Jim Jones: Fly Like An Eagle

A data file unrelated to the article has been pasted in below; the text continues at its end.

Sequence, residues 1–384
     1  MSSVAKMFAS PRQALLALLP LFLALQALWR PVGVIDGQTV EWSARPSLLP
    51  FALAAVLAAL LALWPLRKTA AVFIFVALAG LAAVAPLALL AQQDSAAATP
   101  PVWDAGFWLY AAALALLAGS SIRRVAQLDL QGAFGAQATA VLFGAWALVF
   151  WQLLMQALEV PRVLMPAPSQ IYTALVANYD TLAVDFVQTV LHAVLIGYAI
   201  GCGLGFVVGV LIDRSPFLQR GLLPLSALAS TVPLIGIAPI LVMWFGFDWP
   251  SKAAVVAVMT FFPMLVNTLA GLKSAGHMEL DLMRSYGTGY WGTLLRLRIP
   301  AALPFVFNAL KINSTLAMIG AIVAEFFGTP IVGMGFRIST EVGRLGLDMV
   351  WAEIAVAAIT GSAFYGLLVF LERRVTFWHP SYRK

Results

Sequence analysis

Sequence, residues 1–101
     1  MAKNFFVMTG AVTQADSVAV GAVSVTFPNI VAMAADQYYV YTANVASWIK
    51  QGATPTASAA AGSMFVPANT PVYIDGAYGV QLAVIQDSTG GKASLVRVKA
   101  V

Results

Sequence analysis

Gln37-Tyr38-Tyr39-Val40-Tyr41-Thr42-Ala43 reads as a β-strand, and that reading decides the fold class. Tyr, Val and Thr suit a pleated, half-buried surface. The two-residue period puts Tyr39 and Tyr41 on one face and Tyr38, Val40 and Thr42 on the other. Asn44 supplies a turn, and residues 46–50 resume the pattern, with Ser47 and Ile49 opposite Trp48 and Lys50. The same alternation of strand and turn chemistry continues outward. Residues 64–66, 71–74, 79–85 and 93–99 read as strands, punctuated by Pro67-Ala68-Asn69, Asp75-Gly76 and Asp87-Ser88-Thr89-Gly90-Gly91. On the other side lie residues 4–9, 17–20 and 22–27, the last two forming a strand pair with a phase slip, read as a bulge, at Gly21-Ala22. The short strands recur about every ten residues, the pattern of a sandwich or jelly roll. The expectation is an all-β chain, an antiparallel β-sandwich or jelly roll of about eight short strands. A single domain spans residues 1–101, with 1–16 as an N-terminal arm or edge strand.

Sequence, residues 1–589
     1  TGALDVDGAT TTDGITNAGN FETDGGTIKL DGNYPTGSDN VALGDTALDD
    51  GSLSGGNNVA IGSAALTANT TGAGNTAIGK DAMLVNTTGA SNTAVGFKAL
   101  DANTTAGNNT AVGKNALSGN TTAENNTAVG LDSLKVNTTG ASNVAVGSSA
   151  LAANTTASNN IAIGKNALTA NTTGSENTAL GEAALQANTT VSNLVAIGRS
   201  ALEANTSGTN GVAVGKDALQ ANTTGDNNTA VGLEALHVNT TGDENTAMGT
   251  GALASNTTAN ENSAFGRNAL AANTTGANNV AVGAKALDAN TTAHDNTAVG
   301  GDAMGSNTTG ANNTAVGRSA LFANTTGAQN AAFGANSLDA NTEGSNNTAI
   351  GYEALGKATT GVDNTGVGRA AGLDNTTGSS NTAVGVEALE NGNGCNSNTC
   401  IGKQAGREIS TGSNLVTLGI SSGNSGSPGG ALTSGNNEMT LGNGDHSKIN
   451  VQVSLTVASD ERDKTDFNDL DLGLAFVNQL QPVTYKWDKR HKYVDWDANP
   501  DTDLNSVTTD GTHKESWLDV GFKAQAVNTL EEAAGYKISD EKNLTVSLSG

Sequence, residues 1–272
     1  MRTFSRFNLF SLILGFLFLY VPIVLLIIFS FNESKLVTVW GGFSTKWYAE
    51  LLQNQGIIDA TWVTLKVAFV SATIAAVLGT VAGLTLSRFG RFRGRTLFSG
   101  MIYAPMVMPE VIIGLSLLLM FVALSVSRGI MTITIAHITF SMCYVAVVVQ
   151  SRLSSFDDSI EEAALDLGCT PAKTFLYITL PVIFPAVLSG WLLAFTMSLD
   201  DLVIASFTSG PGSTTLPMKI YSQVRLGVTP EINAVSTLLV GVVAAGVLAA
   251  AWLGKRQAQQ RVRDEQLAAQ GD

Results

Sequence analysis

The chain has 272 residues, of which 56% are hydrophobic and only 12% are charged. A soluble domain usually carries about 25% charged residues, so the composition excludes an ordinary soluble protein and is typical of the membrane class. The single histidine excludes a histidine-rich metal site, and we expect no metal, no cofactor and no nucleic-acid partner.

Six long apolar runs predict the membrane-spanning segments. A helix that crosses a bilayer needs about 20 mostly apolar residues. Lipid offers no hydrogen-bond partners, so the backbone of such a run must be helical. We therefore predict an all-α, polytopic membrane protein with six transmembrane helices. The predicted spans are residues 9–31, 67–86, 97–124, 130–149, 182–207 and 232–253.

Relevance in the rap game is occasionally a long time coming, and frequently elusive. Jim Jones, who only recently became a major artist in his own right after years in the Diplomats’ trenches, seems to have a handle on the importance of strategy in prolonging his run. Through his tactics of aggressive competition and frequent label maneuverings, most recently with Sony, Jones has kept his name buzzing heavily in the media. And while the Diplomats collective is in an apparent state of disarray, Jim Jones is pushing forward with a movement of his own, Byrd Gang. Not one to idly sit back and enjoy the fruits of his recent rise to rap stardom, the Capo is investing heavily in the group he built from the ground up with resources from Warner/Asylum. Consisting of Jim Jones, Max B, Mel Matrix, and N.O.E., the Byrd Gang is now preparing to infiltrate the mainstream with their debut album due this winter. In an earnest entreaty to defend his position and win the ears of listeners beyond Byrd Gang’s present day following, Jim Jones speaks to AllHipHop.com about the internal strife that has befallen the Diplomats, the question of loyalty, and the formation of his new team. AllHipHop.com: Let’s start off by addressing the Cam’ron situation. Your rise to success seemed to coincide with Cam’s retreat from the game. Was that a coincidence, or did your success affect him in a negative way? Jim Jones: I don’t know if it affected Cam, Cam be in his own world sometimes. At the end of the day, I can tell you Cam is still my brother. But right now he’s going through something that he’s going through, and ‘til he snaps out of it there is nothing you can tell a grown man. He is still one of the more talented people as far as music; you can’t take that away from him. I’m still a Diplomats artist; I’m still Diplomats ‘til the day I die. Byrd Gang is a subsidiary of Diplomats, one of my business ventures – it’s my own thoughts on everything I felt I should be doing as far as having a label or a movement. It’ll be another Diplomats album, definitely, and with that one comes a lot of controversy. So we’ll still sell some records; it’ll shock the world. AllHipHop.com: Do you think that Jay-Z, by responding to you and not Cam, and 50, by taunting that Cam was demoted to soldier, exacerbated the tension between you and Cam? Jim Jones: That s**t between me and Cam ain’t got nothing to do with those comments. It’s just deeper and more political. It was so crazy at the time that it made it look like that. But the s**t that me and Cam was going through, we was going through regardless of whether all these other things were happening or not. We was bound for what we getting into right now, whether the Jay thing happened or whether the Cam and 50 feud happened. Without all that, me and him was bound to bump heads. That was just written. AllHipHop.com: At the same time, your rapprochement with 50 Cent and comments about Cam’ron have made some question your loyalty. How do you address those criticisms? Jim Jones: Business is business. That s**t that Cam had going on with 50 was frivolous. At the end of the day, people gotta understand, 50 is still the number one artist in the world. [Not] too many people are selling more records than him, I don’t care what genre you in. And at the same time, 50 Cent is still in our generation, as far as how we run through this game. And there’s supposed to be some kind of rapport, some type of alliance among us as far as being peers. I’ve been watching the game and nobody dying. Where I’m from, if you beef somebody gonna end up dead, shot, stabbed, something gonna happen. So for me, it’s all jokes until someone cross the gunline. So until that happens, I’ma go get my money, I’ma do my business. I am Diplomats ‘til the day I die – nobody can question my integrity or question my loyalty. I have no plans to do nothing other than Diplomats business, whatever that may be. It’s always Diplomats first. AllHipHop.com: Hell Rell’s recent comments about you do seem to suggest a divide in the group… Jim Jones: Hell Rell and 40 Cal, that’s a touchy situation. If you listen to Hell Rell, he made a couple of statements that he retracted in his recent interviews. But I heard him on a few more interviews and he refused to say anything crazy out his mouth. Hell Rell is just an artist. If you want to put it in street terms, he’s just a soldier. If you want to put it in chess, he’s just a pawn, you smell me? So his opinion really don’t make no money, regardless how you say it, so the s**t don’t count. He’s like a kid who feels like his parents are going through a divorce, which they’re not. He’s just venting how he feels, but he’s opinionless, really, if you look at it. He had an album coming out, he was trying. AllHipHop.com: What led to the breakdown of unity in the group? Jim Jones: There’s really no breakdown in the unity in the group, it’s two brothers going at it. I know a lot of brothers that’s always beefing. With Juelz Santana nothing changed, it’s no picking sides; it’s no big divorce going on. It’s just something me and Cam is going through, everything else is still Diplomats. If people see me going hard on the ventures and on my business, that’s because that’s what you supposed to do, give it your all. Right now I got a chance to do a Byrd Gang venture and I gotta give it 150%, I gotta go hard with it. Right now Dipset is at a standstill, I gotta step on to the next thing. I always gotta make money, you understand? AHH: So the Byrd Gang venture is your focus right now. How did you go about picking the Byrd Gang team? Jim Jones: I picked those individuals that I thought was the most talented in more than just one way. Not just the music, but the life that they living. They are talented as far as staying alive in the streets and avoiding all the obstacles that the streets may show you. The easiest thing is being in the studio and getting in the booth. The hardest thing is making it to the studio and surviving in the streets. Some of these ni***s had to go to jail just to get here, some of us still go to jail trying to get a better life. As far as the music is concerned, these ni***s is the bomb. They way more talented then I could ever be as far as music is concerned, they really get it. I’ve been doing this for a minute and I got a little knack for picking people who are really good at doing music, having that food that the people in the streets need to eat. AllHipHop.com: With that street credibility comes sobering events such as the death of $tacks and the legal troubles of Max B. How do you face those risks and losses, both from a business angle and a personal angle? Jim Jones: These are things we have been dealing with all our lives as far as taking risks and losses. Unfortunately, I lost someone that was close to me. $tacks was growing to be a little brother of mines. And we just been cheated in life. More than anything he was a friend, rapping was just one facet we got to see of his life. We didn’t know what else the Lord had in store for him. AllHipHop.com: What would you say each of the members bring to the group? Jim Jones: Max [B] is just a different individual when it comes to music, he chooses to harmonize his music in a different way. Some people call it singing, we call it that wave. And he raps real hard, like he got a lot of different styles to him. He’s more of… how could I say… he got a couple different people in him. He got a little Rick James flair with him, then he got a little Biggie with him, then he can go Makaveli. He got lot of spices with him. Mel Matrix is just so gutter. When I met Matrix, I went to his block – he from Marcus Garvey in Brooklyn. The first time I took him out he damn near ain’t never been in Manhattan. So that goes to show you what he been into in his life, he really been in them streets of Brooklyn. That’s not an easy place to be, and that’s what he depicts in his music – all the struggles he been through and all the struggles he still going through. And that gangbang affiliation he has is a whole other realm, that is a whole other obstacle we go through in the hood as far as gangs and kids killing young kids, and all that’s in the music. So woo woo to Mel Matrix, keep your head up, homie. N.O.E. is like a real mature hustler’s mind, he really paints a real vivid picture in a different way. Everbody’s flow varies, everybody definitely has a different lane that we all follow. But it’s all towards one course, so it’s a real good sound. The kid NOE got some shit some people would he sounds like Jay-Z, but he spit hard. AllHipHop.com: Without $tack Bundles around, would you say that the group had to collectively step its game up? Jim Jones: With $tacks gone there’s a void that will never be able to be filled, no matter how much we step our game up. He had his own s**t that was priceless, he can’t be copied. But they say what don’t kill you only makes you stronger, the s**t that happened with $tacks, that’s all that it did, man. I gotta make sure that boy gets to live his dream out vicariously through us and through our music. I don’t know how it’s changed the flow, but it’s getting done. Lord knows I get tired of this sometimes, ‘cause I know this music industry is about a bunch of bullshit. But it pays the bills and it got me living the life, so I can’t complain at the same time. But this one definitely is for $tacks, by all means. AllHipHop.com: Are you happy with how the album is coming out? Jim Jones: The album is a beautiful thing. I just want people to really get a chance to be able to listen to the music, and not just the hype. People always get caught up in the hype, like, “Who’s on there? Do I know him?” These n***** can rap better than 90% of the industry, like literally, they get it. This music is crazy, this music put me back to ’94 ’95 when a n**** was really trying to come up and hustling. And that music’s what you put on to get hyped when you got outside. This is that music, this is the soundtrack to the streets, this they inspiration to go out and take them risks, ‘cause they ain’t giving us nothing. AllHipHop.com: What level of success do you anticipate for Byrd Gang? Jim Jones: I don’t like to anticipate, I don’t like to tell the future, I don’t like to do none of that. I know one thing: just the opportunity alone that was given to us, as far as being in this game, as far as being able to put an album in stores, as far as being signed to a major label. Just to have this opportunity to sell some real records, I am grateful. And it all depends on how hard we work and how wavy we make the music. And I think we can do it. We got longevity in this game. I think each one of these artists will step out and get they own solo career going on, or the group deal. They’re capable of carrying it on, but it’s gotta be done right. I gotta bust my ass as an artist also, as Jim Jones is concerned. Because the more successful I get makes it easier for them to be successful. So we play by the rules.